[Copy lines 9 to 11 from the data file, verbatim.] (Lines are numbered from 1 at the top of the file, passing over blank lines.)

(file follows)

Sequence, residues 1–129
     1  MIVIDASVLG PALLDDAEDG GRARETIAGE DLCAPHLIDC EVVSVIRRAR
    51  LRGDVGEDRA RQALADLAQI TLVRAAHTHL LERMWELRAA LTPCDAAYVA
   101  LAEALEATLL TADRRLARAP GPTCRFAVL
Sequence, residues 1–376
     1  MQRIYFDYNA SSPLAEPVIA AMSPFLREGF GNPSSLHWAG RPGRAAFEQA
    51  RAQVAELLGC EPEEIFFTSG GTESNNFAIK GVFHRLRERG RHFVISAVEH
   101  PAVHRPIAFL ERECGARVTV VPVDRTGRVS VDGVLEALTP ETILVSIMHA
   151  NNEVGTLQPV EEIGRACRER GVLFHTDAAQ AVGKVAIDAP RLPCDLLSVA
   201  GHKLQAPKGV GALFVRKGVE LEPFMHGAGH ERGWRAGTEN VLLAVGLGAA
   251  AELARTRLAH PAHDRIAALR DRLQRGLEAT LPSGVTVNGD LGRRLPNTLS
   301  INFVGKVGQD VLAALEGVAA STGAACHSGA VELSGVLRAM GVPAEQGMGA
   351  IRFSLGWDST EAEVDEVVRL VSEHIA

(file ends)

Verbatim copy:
   151  NNEVGTLQPV EEIGRACRER GVLFHTDAAQ AVGKVAIDAP RLPCDLLSVA
   201  GHKLQAPKGV GALFVRKGVE LEPFMHGAGH ERGWRAGTEN VLLAVGLGAA
   251  AELARTRLAH PAHDRIAALR DRLQRGLEAT LPSGVTVNGD LGRRLPNTLS